Epidemiologic predictors of cesarean section in nulliparous patients at low risk

Bernard L. Harlow, Frederic D. Frigoletto, Daniel W. Cramer, Joni K. Evans, Raymond P. Bain, Bernard Ewigman, Donald McNellis

Research output: Contribution to journalArticlepeer-review

46 Scopus citations

Abstract

OBJECTIVES: We sought to determine whether certain maternal and fetal characteristics influenced the risk of maternal- and fetal-indicated cesarean sections in pregnant women at low risk for adverse perinatal outcomes. STUDY DESIGN: From a cohort of 6393 low-risk nulliparous patients maternal and fetal indicated cesarean section rates with 95% confidence intervals were calculated and stratified by demographic, anthropometric, and clinical lests and measurements. The strongest risk factors were modeled by means of multiple logistic regression. RESULTS: Few risk factors distinguished maternal from fetal characteristics preceding cesarean delivery, Maternal age was associated with increased cesarean section risk in the tallest group of women only, and cesarean section rates decreased with increasing height. Increased with higher prepregnancy weights, and was highest in women carrying male fetuses. Higher first prenatal visit diastolic blood pressure, increasing numbers of nonstress tests, ≥ 2+ prenatal urine protein, late sonograms, geographic region, and practice type were statistically significant risk factors as well. Interestingly, results of prenatal visit tests and measurements contributed less to the prevalence of cesarean section than did age, fetal sex, and anthropometric parameters. However, the generalizability of these resultsis limited to low-risk (predominantly white) populations. CONCLUSIONS: Of the risk factors we were able to assess, a large proportion of the incidence of cesarean section in this population of nulliperous patients at low risk was attributable to age, sex of fetus, and anthropometric patient profiles.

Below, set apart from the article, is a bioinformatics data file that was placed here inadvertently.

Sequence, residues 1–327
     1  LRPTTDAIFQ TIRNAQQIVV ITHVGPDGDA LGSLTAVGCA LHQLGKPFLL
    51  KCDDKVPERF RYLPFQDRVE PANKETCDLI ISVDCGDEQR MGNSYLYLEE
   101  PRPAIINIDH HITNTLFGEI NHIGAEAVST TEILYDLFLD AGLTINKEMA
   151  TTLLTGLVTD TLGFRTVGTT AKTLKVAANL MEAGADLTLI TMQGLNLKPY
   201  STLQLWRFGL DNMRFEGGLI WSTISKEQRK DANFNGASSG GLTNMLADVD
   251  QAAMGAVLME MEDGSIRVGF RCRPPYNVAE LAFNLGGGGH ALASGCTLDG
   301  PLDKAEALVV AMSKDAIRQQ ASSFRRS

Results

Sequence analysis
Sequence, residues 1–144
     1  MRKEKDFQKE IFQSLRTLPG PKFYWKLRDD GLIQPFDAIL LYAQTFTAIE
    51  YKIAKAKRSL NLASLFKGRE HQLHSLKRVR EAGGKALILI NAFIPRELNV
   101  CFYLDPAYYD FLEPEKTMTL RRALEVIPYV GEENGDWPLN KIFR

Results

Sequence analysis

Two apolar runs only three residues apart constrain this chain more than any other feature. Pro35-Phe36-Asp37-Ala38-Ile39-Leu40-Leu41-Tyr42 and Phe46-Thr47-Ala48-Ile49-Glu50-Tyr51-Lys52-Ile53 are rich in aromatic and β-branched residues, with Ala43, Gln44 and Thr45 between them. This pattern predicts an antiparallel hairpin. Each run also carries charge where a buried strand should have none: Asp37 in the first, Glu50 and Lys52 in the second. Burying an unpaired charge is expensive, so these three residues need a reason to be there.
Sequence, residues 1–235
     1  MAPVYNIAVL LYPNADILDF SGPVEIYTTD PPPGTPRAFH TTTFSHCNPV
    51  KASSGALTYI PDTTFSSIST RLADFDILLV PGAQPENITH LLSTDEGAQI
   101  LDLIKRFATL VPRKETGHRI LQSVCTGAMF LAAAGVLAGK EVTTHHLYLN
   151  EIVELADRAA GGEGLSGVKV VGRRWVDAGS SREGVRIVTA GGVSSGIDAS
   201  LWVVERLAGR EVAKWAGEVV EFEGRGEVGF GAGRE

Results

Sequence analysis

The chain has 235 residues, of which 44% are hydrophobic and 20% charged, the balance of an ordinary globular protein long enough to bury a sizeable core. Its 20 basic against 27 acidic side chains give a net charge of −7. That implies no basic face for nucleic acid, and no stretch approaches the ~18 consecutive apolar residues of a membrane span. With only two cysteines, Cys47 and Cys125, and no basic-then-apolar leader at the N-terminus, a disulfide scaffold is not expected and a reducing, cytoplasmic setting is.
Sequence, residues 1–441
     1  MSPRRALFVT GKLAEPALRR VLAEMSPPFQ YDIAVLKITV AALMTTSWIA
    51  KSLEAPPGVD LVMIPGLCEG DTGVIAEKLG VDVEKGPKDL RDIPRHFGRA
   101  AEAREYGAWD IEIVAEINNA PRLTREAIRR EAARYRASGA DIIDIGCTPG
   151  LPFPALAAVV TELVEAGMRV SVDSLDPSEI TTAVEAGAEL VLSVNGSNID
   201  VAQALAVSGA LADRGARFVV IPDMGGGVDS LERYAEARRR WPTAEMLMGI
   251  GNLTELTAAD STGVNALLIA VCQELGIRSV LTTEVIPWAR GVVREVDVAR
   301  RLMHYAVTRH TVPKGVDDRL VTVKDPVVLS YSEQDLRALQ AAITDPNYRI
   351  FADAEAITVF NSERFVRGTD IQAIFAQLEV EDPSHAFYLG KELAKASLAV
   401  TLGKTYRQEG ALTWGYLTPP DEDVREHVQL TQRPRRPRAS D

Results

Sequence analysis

Original languageEnglish (US)
Pages (from-to)156-162
Number of pages7
JournalAmerican journal of obstetrics and gynecology
Volume172
Issue number1 PART 1
DOIs
StatePublished - Jan 1995

Keywords

  • Cesarean section
  • anthropometry
  • cohort studies
  • risk factors

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